We looked at a few questions from Season 2, Episode 4 of House of The Dragon director Alan Taylor Monday, talking about how he handled the battle of Rook's Rest in the show, but today, HBO released an awesome behind-the-scenes video that showcases just how much work goes into creating a battle on television.

Let's check it out below.

Making the Battle at Rook's Rest from Season 2, Episode 4  of 'House of The Dragon'

Showrunner Ryan Condal, director Alan Taylor, and actress Eve Best (Rhaenys Targaryen), and many other House of Dragon series regulars and crew reflect on the massive scale of the Battle at Rook’s Rest within the above video.

What I love about shows like this one is just how epic they've become.

The scope and scale on display takes thousands of workers to get right, from people costuming different houses, to the VFX department, production design, to extras, production assistants, crafty, and everyone in between.

The Rook's Rest is the biggest set built for House of the Dragon so far. The battle scene was filmed at Bourne Wood, a location that was also used in Gladiator.

The crew had to build a massive set, including four battering rams and multiple houses with different sigils.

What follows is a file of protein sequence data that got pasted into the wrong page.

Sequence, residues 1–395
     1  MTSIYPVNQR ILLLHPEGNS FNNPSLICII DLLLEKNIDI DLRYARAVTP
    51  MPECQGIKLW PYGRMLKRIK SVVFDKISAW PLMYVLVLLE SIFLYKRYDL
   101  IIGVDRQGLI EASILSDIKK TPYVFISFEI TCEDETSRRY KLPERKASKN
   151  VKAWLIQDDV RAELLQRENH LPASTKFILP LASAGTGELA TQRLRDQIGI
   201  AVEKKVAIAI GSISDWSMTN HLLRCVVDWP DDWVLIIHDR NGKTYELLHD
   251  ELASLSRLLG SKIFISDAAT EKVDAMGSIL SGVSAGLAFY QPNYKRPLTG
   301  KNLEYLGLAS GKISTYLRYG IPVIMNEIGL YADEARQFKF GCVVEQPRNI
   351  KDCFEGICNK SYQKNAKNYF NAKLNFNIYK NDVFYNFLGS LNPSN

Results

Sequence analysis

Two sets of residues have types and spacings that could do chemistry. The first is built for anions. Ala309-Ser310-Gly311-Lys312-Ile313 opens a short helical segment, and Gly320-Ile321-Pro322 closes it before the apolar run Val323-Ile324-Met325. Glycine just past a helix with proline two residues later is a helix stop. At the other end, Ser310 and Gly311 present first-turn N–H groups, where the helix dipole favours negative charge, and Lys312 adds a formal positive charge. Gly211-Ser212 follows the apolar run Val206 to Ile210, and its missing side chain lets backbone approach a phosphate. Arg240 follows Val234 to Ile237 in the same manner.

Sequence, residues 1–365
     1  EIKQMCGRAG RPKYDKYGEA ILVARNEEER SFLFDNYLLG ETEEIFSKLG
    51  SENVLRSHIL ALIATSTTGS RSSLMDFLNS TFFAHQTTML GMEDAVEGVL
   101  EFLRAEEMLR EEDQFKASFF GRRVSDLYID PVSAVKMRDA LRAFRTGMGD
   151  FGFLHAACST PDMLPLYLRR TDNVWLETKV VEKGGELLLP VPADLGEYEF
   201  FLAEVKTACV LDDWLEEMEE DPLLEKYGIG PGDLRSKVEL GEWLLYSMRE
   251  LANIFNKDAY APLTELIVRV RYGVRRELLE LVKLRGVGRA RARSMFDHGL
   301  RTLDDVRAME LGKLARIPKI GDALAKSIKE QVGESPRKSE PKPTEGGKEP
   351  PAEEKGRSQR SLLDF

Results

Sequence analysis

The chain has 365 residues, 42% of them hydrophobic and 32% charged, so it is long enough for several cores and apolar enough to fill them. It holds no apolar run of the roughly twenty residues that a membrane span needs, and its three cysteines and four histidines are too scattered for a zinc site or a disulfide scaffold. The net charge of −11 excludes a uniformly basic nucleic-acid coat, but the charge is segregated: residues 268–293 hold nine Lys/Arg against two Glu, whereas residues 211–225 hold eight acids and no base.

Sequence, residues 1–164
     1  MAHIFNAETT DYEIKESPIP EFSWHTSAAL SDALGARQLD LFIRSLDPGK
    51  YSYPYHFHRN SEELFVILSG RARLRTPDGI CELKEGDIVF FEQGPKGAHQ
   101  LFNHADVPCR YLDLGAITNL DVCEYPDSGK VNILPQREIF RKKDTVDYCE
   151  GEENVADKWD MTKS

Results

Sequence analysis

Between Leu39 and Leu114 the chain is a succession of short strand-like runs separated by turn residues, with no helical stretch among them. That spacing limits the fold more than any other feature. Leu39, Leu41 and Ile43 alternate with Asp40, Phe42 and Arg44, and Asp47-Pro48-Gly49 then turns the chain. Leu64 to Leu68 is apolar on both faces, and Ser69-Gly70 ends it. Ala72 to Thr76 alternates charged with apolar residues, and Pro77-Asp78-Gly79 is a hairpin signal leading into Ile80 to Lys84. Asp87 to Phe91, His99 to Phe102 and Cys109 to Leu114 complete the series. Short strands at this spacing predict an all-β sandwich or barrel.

It was a big logistical challenge to put the battle scene together. Five hundred plus extras were involved playing four different houses. The filmmakers wanted to use real fire as much as possible for authenticity, which I'm sure added all kinds of additional scheduling and safety protocols.

The House of the Dragon production team used explosives buried in the ground to simulate dragon fire.

It was basically assembling an entire, real army to film (more or less...)

All of this is crucial to getting the audience to buy into the world and to get them to understand the danger and destruction that comes along with dragon wars, you know.

Director Alan Taylor storyboarded the whole battle before they shot, and collaborated with an artist to help shape the action.

The filming involved a lot of stunts, including people being set on fire, so there was a lot of moving parts to make sure everyone stayed safe.

A new platform called Buck 2.0, a cross between a volume and blue screen stage, was used to film the dragon fight scene. It has a revolving saddle on it with another camera on an additional arm revolving in the other direction.

This rig setup allows for more realistic dragon-like movements, including wing flapping, among other dragonisms. Not to mention the cameras follow the actor's movements as well, so everything feels natural.,

One of the challenges of filming the dragon scene was to make the camera feel like it was on another dragon, and this new tech helped them really showcase a world where dragons are real and can fight.

For me, this was one of the best episodes of the series, and maybe in all of Game of Thrones.

Let me know what you think in the comments!